In fact, excessive red tape in such public procurement regulation may create significant opportunities for (fresh) corruption and this would surely result in the whole purpose of enacting the legislation becoming counter-productive.
Therefore, ensuring an adequate level of transparency that enhances corruption control, while not impeding the efficiency and the effectiveness of the public procurement process, is a challenge that needs to be met by using the mantra of 'balanced enabling regulation'. I hope that the powers-that-be keep these aspects in mind while drafting the much-needed Public Procurement Act in India.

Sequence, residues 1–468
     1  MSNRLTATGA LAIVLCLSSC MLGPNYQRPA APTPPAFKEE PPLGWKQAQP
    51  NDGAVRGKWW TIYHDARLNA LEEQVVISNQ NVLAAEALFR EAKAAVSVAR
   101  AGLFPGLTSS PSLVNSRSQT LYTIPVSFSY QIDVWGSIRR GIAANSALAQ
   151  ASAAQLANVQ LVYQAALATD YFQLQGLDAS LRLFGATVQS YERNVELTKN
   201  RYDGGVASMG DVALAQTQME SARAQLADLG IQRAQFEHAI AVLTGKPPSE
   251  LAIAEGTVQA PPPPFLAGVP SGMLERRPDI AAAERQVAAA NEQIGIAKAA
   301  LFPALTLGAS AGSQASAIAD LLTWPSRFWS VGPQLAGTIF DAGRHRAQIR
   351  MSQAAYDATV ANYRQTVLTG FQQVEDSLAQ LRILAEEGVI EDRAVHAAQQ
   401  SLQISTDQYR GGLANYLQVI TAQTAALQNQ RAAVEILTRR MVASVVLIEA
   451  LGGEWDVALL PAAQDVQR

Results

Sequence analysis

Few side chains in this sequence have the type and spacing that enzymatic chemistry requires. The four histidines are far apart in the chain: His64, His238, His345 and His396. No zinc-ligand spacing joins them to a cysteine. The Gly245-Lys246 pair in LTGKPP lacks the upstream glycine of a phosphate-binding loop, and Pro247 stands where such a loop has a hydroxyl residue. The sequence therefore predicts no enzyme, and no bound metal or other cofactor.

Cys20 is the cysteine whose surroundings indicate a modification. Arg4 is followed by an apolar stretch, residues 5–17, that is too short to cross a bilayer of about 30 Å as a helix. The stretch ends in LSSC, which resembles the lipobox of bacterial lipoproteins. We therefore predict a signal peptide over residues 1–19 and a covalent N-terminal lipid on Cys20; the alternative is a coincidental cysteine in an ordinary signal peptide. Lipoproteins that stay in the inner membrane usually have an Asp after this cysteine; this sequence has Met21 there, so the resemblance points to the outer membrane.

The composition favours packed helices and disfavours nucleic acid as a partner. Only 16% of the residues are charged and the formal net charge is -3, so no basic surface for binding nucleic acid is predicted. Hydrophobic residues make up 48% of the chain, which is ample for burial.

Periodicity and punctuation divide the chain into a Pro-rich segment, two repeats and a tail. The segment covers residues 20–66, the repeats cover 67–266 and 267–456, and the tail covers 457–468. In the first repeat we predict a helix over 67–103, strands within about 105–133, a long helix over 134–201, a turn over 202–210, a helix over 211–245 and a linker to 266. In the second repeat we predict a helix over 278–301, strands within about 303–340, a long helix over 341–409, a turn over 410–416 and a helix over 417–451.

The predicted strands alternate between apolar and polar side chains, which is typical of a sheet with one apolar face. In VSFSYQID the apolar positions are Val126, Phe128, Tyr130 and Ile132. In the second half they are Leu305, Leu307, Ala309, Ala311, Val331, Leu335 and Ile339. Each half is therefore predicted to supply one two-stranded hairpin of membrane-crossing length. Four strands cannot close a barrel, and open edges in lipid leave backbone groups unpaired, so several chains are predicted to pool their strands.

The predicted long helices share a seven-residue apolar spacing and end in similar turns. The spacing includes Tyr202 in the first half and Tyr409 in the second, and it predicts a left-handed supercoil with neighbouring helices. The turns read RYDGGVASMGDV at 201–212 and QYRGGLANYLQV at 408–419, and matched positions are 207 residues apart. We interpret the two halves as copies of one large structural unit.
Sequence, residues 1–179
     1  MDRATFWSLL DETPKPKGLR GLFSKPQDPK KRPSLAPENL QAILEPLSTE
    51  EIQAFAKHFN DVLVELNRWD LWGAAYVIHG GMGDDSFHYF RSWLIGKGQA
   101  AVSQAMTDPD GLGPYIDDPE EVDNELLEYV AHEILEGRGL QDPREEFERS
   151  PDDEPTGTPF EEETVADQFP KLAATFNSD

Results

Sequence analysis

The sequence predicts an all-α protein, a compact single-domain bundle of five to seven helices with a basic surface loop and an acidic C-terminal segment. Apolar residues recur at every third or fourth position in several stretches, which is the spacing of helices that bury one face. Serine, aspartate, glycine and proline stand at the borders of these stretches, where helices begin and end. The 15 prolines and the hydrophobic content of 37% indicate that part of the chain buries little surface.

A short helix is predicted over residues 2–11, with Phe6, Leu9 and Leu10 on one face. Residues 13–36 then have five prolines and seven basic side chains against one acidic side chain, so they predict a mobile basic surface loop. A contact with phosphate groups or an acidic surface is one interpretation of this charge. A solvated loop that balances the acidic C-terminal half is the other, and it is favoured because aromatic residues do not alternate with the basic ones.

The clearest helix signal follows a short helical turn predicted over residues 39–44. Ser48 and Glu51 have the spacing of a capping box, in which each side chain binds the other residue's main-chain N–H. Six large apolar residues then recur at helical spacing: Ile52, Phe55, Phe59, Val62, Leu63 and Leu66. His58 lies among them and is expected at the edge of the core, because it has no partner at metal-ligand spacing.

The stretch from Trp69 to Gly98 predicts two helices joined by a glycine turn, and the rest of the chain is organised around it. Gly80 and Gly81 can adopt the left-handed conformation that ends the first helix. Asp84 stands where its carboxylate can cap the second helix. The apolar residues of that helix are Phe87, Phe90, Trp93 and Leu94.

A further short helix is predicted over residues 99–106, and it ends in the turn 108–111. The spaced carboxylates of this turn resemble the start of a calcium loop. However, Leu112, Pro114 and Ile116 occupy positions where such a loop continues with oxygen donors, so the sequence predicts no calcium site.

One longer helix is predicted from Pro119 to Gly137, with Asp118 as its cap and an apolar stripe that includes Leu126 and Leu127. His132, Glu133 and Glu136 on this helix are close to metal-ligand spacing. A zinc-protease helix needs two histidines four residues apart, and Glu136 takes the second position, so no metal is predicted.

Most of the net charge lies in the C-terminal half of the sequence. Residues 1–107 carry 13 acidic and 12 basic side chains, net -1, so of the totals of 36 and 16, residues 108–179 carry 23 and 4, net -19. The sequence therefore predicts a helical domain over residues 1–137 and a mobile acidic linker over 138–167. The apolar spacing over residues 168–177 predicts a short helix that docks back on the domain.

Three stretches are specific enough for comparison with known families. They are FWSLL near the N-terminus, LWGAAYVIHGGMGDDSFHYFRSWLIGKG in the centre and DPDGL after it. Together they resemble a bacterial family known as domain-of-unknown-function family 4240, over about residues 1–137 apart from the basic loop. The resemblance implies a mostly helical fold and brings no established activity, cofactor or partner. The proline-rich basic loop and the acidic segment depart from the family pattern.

iiThis article draws on several resources including information from various civil society organisations, multi-lateral and bi-lateral agencies, international organisations like the Organisation for Economic Co-operation and Development (OECD) and other stakeholders. They are gratefully acknowledged.
(The writer has over two decades of grassroots and institutional experience in rural finance, MSME development, agriculture and rural livelihood systems, rural/urban development and urban poverty alleviation/governance. He has worked extensively in Asia, Africa, North America and Europe with a wide range of stakeholders, from the private sector and academia to governments).